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J Neurosci. 2003 Jul 2;23(13):5627-33.

Neural correlates of the automatic processing of threat facial signals.

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Department of Psychology, Stanford University, Stanford, California 94305, USA.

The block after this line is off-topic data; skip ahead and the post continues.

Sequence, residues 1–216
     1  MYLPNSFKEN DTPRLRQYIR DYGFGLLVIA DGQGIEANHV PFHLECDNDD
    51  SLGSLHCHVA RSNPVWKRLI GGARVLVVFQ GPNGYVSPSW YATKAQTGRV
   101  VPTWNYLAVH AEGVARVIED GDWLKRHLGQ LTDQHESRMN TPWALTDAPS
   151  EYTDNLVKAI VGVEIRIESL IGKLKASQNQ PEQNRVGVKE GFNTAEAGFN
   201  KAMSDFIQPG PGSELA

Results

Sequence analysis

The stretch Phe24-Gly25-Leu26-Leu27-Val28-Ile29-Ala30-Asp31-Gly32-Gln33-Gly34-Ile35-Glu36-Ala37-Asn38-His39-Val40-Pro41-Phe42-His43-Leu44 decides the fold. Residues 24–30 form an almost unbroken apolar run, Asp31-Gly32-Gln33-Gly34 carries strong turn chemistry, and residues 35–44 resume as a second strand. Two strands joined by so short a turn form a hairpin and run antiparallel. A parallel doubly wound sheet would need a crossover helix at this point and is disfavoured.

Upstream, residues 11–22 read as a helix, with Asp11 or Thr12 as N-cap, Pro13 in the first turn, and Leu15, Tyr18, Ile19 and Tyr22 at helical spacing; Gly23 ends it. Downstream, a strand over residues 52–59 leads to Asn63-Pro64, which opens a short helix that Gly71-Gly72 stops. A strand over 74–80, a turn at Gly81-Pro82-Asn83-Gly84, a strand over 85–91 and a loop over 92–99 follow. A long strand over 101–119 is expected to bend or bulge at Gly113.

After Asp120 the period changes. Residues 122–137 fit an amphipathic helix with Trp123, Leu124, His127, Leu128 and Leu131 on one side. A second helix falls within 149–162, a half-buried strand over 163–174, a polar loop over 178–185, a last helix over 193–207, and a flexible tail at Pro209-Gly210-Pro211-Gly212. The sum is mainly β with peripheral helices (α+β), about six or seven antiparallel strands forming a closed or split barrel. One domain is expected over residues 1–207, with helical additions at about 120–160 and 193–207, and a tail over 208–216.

The present study examined whether automaticity, defined here as independence from attentional modulation, is a fundamental principle of the neural systems specialized for processing social signals of environmental threat. Attention was focused on either scenes or faces presented in a single overlapping display. Facial expressions were neutral, fearful, or disgusted. Amygdala responses to facial expressions of fear, a signifier of potential physical attack, were not reduced with reduced attention to faces. In contrast, anterior insular responses to facial expressions of disgust, a signifier of potential physical contamination, were reduced with reduced attention. However, reduced attention enhanced the amygdala response to disgust expressions; this enhanced amygdala response to disgust correlated with the magnitude of attentional reduction in the anterior insular response to disgust. These results suggest that automaticity is not fundamental to the processing of all facial signals of threat, but is unique to amygdala processing of fear. Furthermore, amygdala processing of fear was not entirely automatic, coming at the expense of specificity of response. Amygdala processing is thus specific to fear only during attended processing, when cortical processing is undiminished, and more broadly tuned to threat during unattended processing, when cortical processing is diminished.

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